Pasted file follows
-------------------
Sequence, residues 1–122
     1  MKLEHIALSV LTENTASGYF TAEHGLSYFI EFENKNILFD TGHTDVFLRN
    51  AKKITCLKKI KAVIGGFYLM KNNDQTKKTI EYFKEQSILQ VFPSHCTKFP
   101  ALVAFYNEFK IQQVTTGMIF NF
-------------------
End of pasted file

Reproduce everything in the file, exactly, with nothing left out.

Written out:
Sequence, residues 1–122
     1  MKLEHIALSV LTENTASGYF TAEHGLSYFI EFENKNILFD TGHTDVFLRN
    51  AKKITCLKKI KAVIGGFYLM KNNDQTKKTI EYFKEQSILQ VFPSHCTKFP
   101  ALVAFYNEFK IQQVTTGMIF NF